A quick update, in case anyone is really interested.

The low-voltage control circuits that I improvised and the conversion of the anglepoise lamp to use a 12V LED have now been running without any issues for more than six months.

The motor continues to run well at 240V from the VFD although its sometimes "sticks" on start up. I don't think that the alterations to the case geometry that I caused by slitting the case open have done the motor any favours: I should really pop the top cap off the motor housing and look at the bearing again. I may end up having to put a substitute motor in, one day, but this is going to involve grafting the end of the long shaft onto the new motor. Someone has posted a thread about doing this (with success) but for now, I'm happy to simply feed the machine a new bearing race every few months.

The X-feed stalled a while back, immediately melting the Chinese 240-120V autotransformer, so that's now in the scrap bin and I'm using a big, external transformer rated at about 1KW. It's over-kill, but it was cheap, it works, and with the transformer sitting on the floor behind the mill, it's hard to notice the difference.

All in all, the conversion from 415/480V 3-phase to 240V single phase has been a success. The machine can fairly rip through metal with the right cutter, I'm now definitely the weak link in my home manufacturing set up.

Kind wishes,

Nick
 

Nick Hacking

H-M Supporter - Premium Member
H-M Supporter-Premium Member
Joined
Jan 22, 2017
Messages
48
Likes
25
#14
Thanks, Mark but all is now woe, death and destruction.

I was out in the workshop this afternoon, hiding from the family (in the UK we have a holiday period between Christmas and New Year when many people take time off) and milling away like a demon, all pleased with my powerful Bridgeport and my fancy powered X-axis. I was making a toolpost for my old Sheldon lathe, as it happens... anyway, all of a sudden, the mill stopped and the VFD said "E GF" which I took to mean "error: ground fault" so I lifted off the motor and stripped it down, fully expecting to find that with the heat my insulation tape had softened, allowing the sharp edge of one of my solder joints to contact the case.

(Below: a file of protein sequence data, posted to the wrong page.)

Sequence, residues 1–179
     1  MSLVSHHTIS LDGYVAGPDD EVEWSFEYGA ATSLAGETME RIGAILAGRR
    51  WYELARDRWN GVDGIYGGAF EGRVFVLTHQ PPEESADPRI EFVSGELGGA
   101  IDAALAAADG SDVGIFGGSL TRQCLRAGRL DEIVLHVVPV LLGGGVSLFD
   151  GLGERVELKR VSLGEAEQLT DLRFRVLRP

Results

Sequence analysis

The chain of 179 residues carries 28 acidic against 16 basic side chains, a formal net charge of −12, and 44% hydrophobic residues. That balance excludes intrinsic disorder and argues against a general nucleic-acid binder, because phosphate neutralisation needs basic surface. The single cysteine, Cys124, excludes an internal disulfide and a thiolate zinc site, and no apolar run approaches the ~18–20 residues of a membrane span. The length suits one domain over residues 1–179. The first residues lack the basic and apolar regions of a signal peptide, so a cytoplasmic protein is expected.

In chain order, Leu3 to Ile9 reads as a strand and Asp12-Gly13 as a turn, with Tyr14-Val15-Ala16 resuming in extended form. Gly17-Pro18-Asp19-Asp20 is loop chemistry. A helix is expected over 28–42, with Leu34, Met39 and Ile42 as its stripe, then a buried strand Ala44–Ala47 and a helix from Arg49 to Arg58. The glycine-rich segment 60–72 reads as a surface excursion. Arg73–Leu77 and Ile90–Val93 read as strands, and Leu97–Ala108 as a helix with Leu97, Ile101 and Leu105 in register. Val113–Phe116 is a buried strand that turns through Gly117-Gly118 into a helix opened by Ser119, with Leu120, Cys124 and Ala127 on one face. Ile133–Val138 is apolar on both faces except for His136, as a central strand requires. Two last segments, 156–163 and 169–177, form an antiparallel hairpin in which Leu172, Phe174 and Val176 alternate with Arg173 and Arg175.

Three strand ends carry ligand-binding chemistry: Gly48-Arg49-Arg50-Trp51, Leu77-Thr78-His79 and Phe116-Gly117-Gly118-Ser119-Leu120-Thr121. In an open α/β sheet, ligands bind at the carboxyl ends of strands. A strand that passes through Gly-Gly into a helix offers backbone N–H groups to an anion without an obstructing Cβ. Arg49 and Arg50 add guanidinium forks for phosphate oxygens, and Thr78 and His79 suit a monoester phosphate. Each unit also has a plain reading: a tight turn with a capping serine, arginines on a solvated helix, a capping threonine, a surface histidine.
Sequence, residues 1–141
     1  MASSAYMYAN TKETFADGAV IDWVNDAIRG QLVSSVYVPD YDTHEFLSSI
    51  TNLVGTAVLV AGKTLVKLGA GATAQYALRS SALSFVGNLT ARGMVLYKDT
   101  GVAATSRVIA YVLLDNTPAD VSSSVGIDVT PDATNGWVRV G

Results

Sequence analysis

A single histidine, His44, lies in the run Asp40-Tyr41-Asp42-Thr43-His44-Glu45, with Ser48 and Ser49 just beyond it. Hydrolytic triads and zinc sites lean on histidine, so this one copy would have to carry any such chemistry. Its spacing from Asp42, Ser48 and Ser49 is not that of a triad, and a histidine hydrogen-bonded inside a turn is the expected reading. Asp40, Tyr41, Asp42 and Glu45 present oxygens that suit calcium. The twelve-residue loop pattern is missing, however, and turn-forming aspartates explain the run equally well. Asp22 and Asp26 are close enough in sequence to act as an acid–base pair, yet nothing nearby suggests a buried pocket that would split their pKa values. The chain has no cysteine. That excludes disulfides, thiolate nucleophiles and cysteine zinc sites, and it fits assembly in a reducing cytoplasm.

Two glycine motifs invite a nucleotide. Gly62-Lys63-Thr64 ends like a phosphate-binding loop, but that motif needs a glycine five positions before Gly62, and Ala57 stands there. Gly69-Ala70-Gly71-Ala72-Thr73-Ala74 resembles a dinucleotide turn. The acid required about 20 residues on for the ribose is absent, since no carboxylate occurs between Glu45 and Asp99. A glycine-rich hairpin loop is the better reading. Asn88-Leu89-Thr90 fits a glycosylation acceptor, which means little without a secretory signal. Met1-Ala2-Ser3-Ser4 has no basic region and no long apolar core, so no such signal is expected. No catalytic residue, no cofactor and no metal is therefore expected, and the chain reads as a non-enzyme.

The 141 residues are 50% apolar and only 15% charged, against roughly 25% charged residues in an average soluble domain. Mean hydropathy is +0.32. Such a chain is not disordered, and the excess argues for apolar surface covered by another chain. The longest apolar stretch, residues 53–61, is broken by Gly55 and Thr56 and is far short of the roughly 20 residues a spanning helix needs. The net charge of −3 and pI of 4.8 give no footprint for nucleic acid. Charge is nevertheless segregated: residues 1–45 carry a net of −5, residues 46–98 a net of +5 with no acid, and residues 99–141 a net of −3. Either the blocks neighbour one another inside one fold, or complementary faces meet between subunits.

Sadly, even with all of my connexions pulled well free of anything, there is now a low resistance between one of the coils and the case. I think the poor old thing is toast.

Firstly, I'm going to see if I can find a 3-phase motor with a shaft of 3/4" diameter and 4" stick-out. If that draws a blank, things may get more complicated. Blast: just when things were going well and I'd started to get a feel for the machine. C'est la vie.

Kind wishes,

Nick
 

markba633csi

Active Member
Active Member
Joined
Apr 30, 2015
Messages
1,817
Likes
896
#15
Sorry to hear that, sometimes old motors' windings insulation breaks down when subjected to the spiky waveforms that VFDs generate, hence the
modern term "inverter rated" motor
Mark
 

Nick Hacking

H-M Supporter - Premium Member
H-M Supporter-Premium Member
Joined
Jan 22, 2017
Messages
48
Likes
25
#16
Thanks again, Mark. That might explain it.
At least I got a few months use out of the motor, and leaned a good deal about wiring 3-phase motors, thanks to the good folk here.

Kind wishes,

Nick
 

markba633csi

Active Member
Active Member
Joined
Apr 30, 2015
Messages
1,817
Likes
896
#17
Your experience got me thinking that line filter chokes in each of the three legs between the VFD and the motor might be a good idea for
older motors- they would have to be high current chokes >10 amp but I don't know how much inductance would be required.
Mark
 

Nick Hacking

H-M Supporter - Premium Member
H-M Supporter-Premium Member
Joined
Jan 22, 2017
Messages
48
Likes
25
#18
Your experience got me thinking that line filter chokes in each of the three legs between the VFD and the motor might be a good idea for
older motors- they would have to be high current chokes >10 amp but I don't know how much inductance would be required.
Mark
Maybe we should ask Henry?
(Sorry: too many Christmas cracker jokes recently)

Nick
 

Nick Hacking

H-M Supporter - Premium Member
H-M Supporter-Premium Member
Joined
Jan 22, 2017
Messages
48
Likes
25
#20
Yes, sorry about that.
Now that I'm back at work and stone-cold sober, I can hardly believe that I thought it was funny.
So, we shall not mention his niece: Millicent.

[fx: tumbleweed]

I found a replacement Bridgeport motor on Amazon! Hurrah! Sadly £1,300 including import duty and delivery. That's about $1,750 US and since I only paid £2,000 for the whole mill, it seems a bit steep. Fortunately, I've found a three-phase motor from a UK company which is "VFD rated" at only £150, delivered. I'll have to hack the spindle about and do some work on the mounting - but that shouldn't be beyond me. I don't think that I even need to bother mounting the whole 4-step pulley stack: I never shifted the belt once when the motor was working, I used my VFD to vary the speed.

God-willing, the motor should be here in a few days and when I get around to fitting it, I'll post an update.

Happy New Year.

Nick
 

Nick Hacking

H-M Supporter - Premium Member
H-M Supporter-Premium Member
Joined
Jan 22, 2017
Messages
48
Likes
25
#22
The new motor is in!

It was more of a fiddle than I'd imagined.

Yet again, I simply could not get the pulley stack off the shaft of the old motor, despite heat, cold, levers, gear pullers and (eventually) extreme violence. In the end, I had to cut the shaft of the old motor off: the part I really needed to keep being the base plate (to mate to the Bridgeport's head). That took a full day.

The next problem was that the motor I'd bought had a 1" diameter shaft, 1.5" long. I needed a 3.5" long shaft to take a pulley with an id of 3/4". I ended up making an adapter out of a length of 2" diameter steel. Turning that down, drilling through it and boring it out took the best part of another day. At least I got to use my 10" Sheldon lathe for a project.